Does this mean we will no longer have fossil fuel cars? In the big cities, yes. Any proles who cannot afford a Tesla will anyway presumably not be able to afford property in our Inclusive Global Cities. Electric cars’ current range of 450 kilometers is actually not bad for day-to-day purposes and can be expected to improve over the next 30 years.

Does this mean we will increase nuclear power production to both make up for the decline of coal/gas and increase power generation for the electrification of cars? No, nuclear power should stay the same (one indication that this is about “virtue,” not climate).

Use of renewables in the EU has steadily increased from 8.5% of total energy in 2004 to 17.5% in 2017, mostly due to increased use of wind and solar power. Although actually, the constant use of solar/wind visuals in renewable propaganda is rather misleading: biomass (mostly wood and agriculture byproducts, it seems) continues to make up 60% of the EU’s “renewable” energy.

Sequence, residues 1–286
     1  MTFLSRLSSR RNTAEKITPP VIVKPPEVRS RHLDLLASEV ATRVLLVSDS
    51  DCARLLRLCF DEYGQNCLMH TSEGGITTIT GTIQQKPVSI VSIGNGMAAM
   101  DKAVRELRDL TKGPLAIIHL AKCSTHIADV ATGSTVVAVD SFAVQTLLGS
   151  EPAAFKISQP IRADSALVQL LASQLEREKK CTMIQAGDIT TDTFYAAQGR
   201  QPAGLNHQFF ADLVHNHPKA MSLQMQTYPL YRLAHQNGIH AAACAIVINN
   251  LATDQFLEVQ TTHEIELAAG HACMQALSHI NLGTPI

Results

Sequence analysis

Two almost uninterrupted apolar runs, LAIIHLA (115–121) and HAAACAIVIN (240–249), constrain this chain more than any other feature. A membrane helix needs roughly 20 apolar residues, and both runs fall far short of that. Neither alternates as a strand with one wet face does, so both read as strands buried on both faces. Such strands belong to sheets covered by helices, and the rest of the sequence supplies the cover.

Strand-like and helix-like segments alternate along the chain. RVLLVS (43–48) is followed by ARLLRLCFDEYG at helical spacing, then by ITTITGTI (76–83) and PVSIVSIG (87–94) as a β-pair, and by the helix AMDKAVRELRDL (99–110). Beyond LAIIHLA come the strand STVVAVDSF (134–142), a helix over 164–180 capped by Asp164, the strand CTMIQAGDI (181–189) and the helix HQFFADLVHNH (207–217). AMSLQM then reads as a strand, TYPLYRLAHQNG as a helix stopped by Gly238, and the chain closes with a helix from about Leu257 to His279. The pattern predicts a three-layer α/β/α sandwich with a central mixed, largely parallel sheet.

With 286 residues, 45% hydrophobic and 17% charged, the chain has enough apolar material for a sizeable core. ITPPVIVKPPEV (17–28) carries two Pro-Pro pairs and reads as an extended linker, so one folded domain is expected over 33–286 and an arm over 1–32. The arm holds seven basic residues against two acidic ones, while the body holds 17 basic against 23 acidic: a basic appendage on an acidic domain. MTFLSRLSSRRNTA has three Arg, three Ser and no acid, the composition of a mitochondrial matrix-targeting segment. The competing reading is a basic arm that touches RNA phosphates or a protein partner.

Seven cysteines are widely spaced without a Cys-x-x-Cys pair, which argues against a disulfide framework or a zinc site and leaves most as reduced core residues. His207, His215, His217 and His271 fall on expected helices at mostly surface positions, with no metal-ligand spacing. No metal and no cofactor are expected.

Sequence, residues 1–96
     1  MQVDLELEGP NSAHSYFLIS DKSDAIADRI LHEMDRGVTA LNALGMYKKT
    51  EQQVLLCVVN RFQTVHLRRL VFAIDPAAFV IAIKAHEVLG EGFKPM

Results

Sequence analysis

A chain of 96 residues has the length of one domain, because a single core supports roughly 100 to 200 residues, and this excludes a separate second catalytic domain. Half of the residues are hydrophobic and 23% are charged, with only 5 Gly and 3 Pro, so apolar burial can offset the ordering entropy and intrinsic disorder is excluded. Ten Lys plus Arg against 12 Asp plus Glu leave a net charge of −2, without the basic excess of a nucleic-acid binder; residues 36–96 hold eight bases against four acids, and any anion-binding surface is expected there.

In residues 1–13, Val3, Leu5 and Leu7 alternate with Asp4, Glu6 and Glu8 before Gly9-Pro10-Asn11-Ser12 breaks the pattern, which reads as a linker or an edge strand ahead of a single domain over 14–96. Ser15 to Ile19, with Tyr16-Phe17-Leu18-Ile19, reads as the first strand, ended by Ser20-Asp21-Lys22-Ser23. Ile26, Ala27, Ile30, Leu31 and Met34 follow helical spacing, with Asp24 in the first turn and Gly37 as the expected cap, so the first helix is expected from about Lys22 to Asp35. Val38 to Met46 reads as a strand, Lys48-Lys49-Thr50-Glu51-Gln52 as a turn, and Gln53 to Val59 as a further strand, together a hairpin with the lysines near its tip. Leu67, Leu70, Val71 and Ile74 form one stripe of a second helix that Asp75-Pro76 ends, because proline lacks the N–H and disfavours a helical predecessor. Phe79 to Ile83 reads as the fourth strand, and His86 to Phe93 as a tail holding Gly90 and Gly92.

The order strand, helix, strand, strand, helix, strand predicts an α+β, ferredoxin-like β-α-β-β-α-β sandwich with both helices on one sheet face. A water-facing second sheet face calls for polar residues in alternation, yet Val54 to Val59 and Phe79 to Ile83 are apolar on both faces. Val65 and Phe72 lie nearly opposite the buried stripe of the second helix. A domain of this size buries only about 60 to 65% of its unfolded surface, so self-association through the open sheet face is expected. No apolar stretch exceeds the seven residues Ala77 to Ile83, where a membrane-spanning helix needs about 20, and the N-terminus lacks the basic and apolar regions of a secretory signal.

The EU has successfully decoupled carbon emissions from economic growth over the past decade. However, if the EU has overshot its 2020 target of reducing emissions by 20%, this in no small part “thanks” to its failed management of the financial/euro crisis, which prolonged the recession. I remind people that we are now officially halfway between 1990 and 2050, but the EU has only reduced emissions by 22%. This means we would need to quadruple the speed of reductions to be successful. And this is not likely to be easy given the reality of diminishing returns and seuils incompressibles (ER: minimum thresholds). There has been no progress in reducing carbon emissions in transport and there is no forecast spontaneous decline.